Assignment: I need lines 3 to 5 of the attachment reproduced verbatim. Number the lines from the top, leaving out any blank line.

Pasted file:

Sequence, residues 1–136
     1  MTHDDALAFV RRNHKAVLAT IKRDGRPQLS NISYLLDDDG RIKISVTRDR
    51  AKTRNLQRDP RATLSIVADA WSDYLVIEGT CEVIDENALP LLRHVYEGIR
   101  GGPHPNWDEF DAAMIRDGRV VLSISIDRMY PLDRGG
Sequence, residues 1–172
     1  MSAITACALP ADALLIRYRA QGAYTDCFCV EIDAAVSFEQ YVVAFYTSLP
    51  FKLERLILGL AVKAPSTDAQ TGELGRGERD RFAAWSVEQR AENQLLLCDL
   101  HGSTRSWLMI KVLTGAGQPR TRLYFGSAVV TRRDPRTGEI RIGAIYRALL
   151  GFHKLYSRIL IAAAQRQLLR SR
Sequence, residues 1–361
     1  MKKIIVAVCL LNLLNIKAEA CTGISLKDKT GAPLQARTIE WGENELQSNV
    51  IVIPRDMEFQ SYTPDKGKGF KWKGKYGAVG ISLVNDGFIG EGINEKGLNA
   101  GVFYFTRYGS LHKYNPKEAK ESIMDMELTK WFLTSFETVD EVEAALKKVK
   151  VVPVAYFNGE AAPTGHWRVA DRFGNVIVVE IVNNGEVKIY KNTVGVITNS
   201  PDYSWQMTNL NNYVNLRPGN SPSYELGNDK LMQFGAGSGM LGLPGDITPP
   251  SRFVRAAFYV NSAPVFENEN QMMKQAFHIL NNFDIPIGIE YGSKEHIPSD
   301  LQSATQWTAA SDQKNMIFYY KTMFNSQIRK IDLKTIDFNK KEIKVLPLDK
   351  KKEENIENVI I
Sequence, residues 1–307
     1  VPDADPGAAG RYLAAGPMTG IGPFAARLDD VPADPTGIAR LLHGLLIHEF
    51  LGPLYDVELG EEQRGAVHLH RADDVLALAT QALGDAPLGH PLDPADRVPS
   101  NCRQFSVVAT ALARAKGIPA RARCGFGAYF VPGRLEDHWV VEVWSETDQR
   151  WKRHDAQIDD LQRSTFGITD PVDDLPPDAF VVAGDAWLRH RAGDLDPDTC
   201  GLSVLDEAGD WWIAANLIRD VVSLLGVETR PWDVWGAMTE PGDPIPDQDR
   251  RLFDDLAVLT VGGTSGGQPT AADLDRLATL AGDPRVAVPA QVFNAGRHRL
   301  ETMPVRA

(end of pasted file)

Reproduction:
    51  AKTRNLQRDP RATLSIVADA WSDYLVIEGT CEVIDENALP LLRHVYEGIR
   101  GGPHPNWDEF DAAMIRDGRV VLSISIDRMY PLDRGG
Sequence, residues 1–172